contact ME

Use the form on the right to contact me.

You can edit the text in this area, and change where the contact form on the right submits to, by entering edit mode using the modes on the bottom right.

Name
Name
Checkbox


Nice
France

Venice by beyuve HR-5951.jpg

Journal

Follow here my journey and stories around the World. 

 

Filtering by Tag: Green

Going North: Day 4 Zumaia - Guernika

Ivan Blanco

Español aquí

When a picture speaks a thousand words...

Zumaia's amazing Flysch

With this beautiful view Ingmar, Don, Robert and I ended our previous journey the best way possible, with some delicious Basque cuisine as its finishing touch (see day 3 here).

Cyclist's Coffee

However, what's probably the biggest constant on any Camino, is that it's an adventure that pushes you to go forward day by day. Waking up for once at a more decent hour, I took advantage of my earlier start and asked Robert to do one of my photo interviews together with an energizing breakfast. After this good treat we wished each other Buen Camino and since time was for once on my side, I went back to the nunnery albergue and did the photo interview with our lovely host Mari too. With all my things packed, I decided to check my brakes, one of them was not working properly... alas, my mechanic talents were lower than expected and fiddling with disk brakes is definitely not my thing. Therefore I had to resort to something anyone should do before starting any big cycling journey:

4th Camino Cycling tip: if like me, the oil you come in touch with is rather olive oil for your salads, then better check your bicycle with a mechanic for a safer ride!
— June 9th 2015

One of the beauty elements of the Northern Camino: the sea!

Luckily enough, there was a bike shop in town and I just had to push my brakeless bicycle a few meters. If you're curious, disc brakes have a braking pad like rim brakes, but they have a kind of pusher and hydraulic liquid, that, when it has too much air or some sand blocks it, you basically end up with an all time braking bicycle... not the most ideal type of bicycle for a 900km journey. Thanks to Jose, the bike was fixed and ready in no time giving me the best bike check ever, it was one good cycling decision.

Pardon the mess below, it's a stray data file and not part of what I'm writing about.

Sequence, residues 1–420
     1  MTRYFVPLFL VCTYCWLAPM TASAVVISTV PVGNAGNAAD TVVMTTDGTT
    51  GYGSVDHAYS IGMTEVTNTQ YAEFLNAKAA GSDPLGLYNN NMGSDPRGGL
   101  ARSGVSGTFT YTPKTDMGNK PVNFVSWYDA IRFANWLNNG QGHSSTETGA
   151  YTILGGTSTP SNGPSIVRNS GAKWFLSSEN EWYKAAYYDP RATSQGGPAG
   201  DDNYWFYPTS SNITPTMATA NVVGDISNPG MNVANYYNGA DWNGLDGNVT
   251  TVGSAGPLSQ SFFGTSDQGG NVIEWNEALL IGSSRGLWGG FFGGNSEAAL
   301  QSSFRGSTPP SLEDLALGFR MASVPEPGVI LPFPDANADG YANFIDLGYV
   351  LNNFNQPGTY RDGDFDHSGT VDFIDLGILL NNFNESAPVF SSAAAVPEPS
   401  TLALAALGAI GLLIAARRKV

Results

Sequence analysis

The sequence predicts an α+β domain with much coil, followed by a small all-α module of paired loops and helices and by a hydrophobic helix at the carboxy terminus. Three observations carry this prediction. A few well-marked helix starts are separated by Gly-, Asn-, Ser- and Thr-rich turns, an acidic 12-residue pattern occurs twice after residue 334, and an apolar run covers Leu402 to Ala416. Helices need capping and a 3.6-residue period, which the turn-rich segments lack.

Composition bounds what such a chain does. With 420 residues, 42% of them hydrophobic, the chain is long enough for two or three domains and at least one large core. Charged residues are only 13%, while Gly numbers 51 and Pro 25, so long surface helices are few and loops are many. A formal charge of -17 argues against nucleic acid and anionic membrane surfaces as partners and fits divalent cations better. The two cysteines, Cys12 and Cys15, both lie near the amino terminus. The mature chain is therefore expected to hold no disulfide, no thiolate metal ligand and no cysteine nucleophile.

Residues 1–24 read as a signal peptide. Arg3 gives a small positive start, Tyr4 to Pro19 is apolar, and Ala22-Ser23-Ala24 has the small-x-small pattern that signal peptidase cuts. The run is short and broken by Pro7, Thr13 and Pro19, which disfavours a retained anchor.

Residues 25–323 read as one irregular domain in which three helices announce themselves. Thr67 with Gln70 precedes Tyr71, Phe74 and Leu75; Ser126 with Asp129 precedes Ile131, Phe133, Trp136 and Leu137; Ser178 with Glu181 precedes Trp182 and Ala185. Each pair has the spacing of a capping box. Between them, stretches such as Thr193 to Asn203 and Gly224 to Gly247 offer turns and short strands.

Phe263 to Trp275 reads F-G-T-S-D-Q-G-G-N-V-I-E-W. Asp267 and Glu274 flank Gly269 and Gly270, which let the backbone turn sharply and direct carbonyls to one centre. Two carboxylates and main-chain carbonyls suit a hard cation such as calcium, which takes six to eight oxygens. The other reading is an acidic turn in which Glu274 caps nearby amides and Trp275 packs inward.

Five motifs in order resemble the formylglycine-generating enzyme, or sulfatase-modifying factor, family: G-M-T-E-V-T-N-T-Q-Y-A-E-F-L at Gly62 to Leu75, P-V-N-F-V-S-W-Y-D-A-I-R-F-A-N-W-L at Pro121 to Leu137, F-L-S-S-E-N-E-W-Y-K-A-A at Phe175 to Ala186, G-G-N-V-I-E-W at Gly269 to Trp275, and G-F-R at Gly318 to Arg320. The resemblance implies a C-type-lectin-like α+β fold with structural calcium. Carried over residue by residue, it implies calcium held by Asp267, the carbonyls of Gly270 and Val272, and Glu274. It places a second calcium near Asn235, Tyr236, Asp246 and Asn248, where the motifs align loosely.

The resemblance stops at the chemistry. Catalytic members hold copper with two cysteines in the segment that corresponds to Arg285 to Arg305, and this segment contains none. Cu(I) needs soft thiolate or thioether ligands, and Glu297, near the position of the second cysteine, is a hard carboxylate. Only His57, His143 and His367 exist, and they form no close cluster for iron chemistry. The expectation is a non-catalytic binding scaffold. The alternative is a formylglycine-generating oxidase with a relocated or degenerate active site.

Ready to go again, most of my daily route was going to be on the road, but not before hitting some pathways where I suddenly came along a wild living horse family, I stopped to take a few pictures, which got them suddenly curious and nervously started to surround me... but I guess they were more interested in my dear Orbeiña...

Cycling love!

Prize to the happiest smiling pilgrims ever!

These kind of moments are the reason I prefer to take the most treacherous Camino paths, sometimes to such extremes that even walking pilgrims don't take my same pathways... you'll see in future posts. But on this occasion, it proved as the best decision since I crossed Don and Ingmar again, the happiest pilgrims I've ever met, as can be seen on this beautiful picture:

With this very happy start and two of my most beautiful Camino pictures, I ended up in Debia around lunch time, where I made a quick Tortilla and beer stop, with such coincidence that in there were some of the most friendly and talkative people. Curious about my journey and cameras, Marisa and Jose Alberto were the first ones with whom I chatted and it ended up being a very interesting cinematic conversation. They had visited Santiago some years ago for the shooting of Flor de Santidad, a story set in Galicia and based on a novel of Ramón María del Valle-Inclán, which is one of our most celebrated playwright writers, to make yourself an idea, he could be considered as our Spanish Shakespeare equivalent.

Lime Kiln

Urasandi's Lime Kiln (click on the photo for more information)

On this artistic turn around of my journey, soon after Marisa and Jose Alberto left, I made another great acquaintance with Juan Bosco who kindly described me the routes around Debia and which ones I should take. Without underestimating other places' friendliness, Debia became one of the friendliest ones of my entire Camino, to such an extent that even leaving it I made another great encounter, Josema. Stopping for a small snack and facing a very very very uphill side road... a car stopped and the driver started to talk with me. Josema used to cycle around Debia and he recommended me to follow the seaside, since the rest of the road would be too muddy and uphill. Chance made it, that I was in front of an historic construction which I wouldn't even have noticed if it wasn't for him. It was an ancient Lime Kiln or lime oven where actually his grand parent used to work with, even a sign was there explaining how it used to work and look like. The lesson to bring home from this is that there are friends and stories behind every corner, which makes travelling such a unique experience, as long as you're willing to keep your eyes open.